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Quote from https://opensource.google.com/docs/why/#engineering-economics:

While open source work may have benevolent results, it is not an act of charity. Releasing work as open source and the corresponding contribution process eventually result in a higher return on the initial investment made versus the alternative closed source process. John Nash, a famous mathematician and subject of the Oscar winning movie “A Beautiful Mind”, won the Nobel prize in economics for his work on “cooperative games”. He demonstrated that cooperating is not a zero sum game and that by working together all participants may yield higher returns than the investment they make. The best real world example of this may be open source software.

Stephen Walli in his blog post on open source motivations writes, “This wasn’t contributing back out of altruism. It was engineering economics. It was the right thing to do, and contributed back to the hardening of the compiler suite we were using ourselves. It was what makes well run open source projects work.”

One good example of this is Angular, a web application framework that is used extensively inside of Google. Angular saw rapid adoption by web developers who built extensions and tools which in turn increases the value inside Google as Google uses these extension and tools internally.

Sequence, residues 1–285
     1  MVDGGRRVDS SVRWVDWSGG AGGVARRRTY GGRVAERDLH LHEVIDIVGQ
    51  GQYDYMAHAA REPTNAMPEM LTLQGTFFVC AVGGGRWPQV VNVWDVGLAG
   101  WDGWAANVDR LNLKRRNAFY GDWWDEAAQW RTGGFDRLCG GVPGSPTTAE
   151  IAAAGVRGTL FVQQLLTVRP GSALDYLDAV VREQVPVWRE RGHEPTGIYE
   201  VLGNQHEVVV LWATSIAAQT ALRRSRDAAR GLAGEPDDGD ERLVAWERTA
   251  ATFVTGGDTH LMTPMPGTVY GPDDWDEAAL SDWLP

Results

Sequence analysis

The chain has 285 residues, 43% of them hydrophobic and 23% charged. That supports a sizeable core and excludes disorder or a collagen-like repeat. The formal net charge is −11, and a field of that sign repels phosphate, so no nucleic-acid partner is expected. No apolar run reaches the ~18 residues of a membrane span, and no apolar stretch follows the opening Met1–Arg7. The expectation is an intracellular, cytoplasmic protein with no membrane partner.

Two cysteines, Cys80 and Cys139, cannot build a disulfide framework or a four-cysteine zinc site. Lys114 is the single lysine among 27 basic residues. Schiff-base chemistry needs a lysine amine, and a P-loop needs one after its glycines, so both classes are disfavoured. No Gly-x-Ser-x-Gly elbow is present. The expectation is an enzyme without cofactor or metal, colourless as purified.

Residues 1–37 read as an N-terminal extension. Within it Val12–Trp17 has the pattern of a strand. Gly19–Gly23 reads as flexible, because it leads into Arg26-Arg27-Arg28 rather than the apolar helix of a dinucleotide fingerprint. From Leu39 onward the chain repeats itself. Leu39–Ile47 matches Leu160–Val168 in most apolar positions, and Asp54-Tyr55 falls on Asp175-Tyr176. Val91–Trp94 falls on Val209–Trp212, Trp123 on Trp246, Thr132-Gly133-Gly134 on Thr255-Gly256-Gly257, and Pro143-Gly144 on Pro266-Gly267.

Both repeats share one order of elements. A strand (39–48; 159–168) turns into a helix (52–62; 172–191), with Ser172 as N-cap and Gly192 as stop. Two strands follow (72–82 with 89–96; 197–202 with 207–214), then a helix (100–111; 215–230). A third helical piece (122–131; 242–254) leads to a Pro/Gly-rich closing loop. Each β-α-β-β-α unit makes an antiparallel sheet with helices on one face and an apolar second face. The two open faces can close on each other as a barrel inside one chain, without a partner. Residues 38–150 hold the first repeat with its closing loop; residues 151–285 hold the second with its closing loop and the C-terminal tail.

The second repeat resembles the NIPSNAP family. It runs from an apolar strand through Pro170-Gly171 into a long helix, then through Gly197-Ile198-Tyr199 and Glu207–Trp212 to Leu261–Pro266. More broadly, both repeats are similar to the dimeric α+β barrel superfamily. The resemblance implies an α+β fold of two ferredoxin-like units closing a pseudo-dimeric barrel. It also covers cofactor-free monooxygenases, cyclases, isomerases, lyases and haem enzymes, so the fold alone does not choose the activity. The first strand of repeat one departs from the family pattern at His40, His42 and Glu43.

Which leads me to the question, is the above quote true from a mathematical point of view? Is it an open source software truly a cooperative game?

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My short answer is no, as the standard definition of cooperative game is one where binding contracts can be written (see the wikipedia post you cited in your question). Just because a game is called non-cooperative does not mean there is no cooperation. But if I understand open-source software (and I'm no expert) the developers find it in their interest to contribute, but they don't have a contract enforcing their work. I would say this is an example of a non-cooperative game that is not zero sum (zero sum means my gain is your loss) where both (all) parties can gain.

More broadly the question is ambiguous, as it is a question of what is the best way to model a particular feature we seen in the real world. Thus, for all I said about cooperative versus non-cooperative games, a classic way to model perfect competition is often as a cooperative game, using the concept of the Core.

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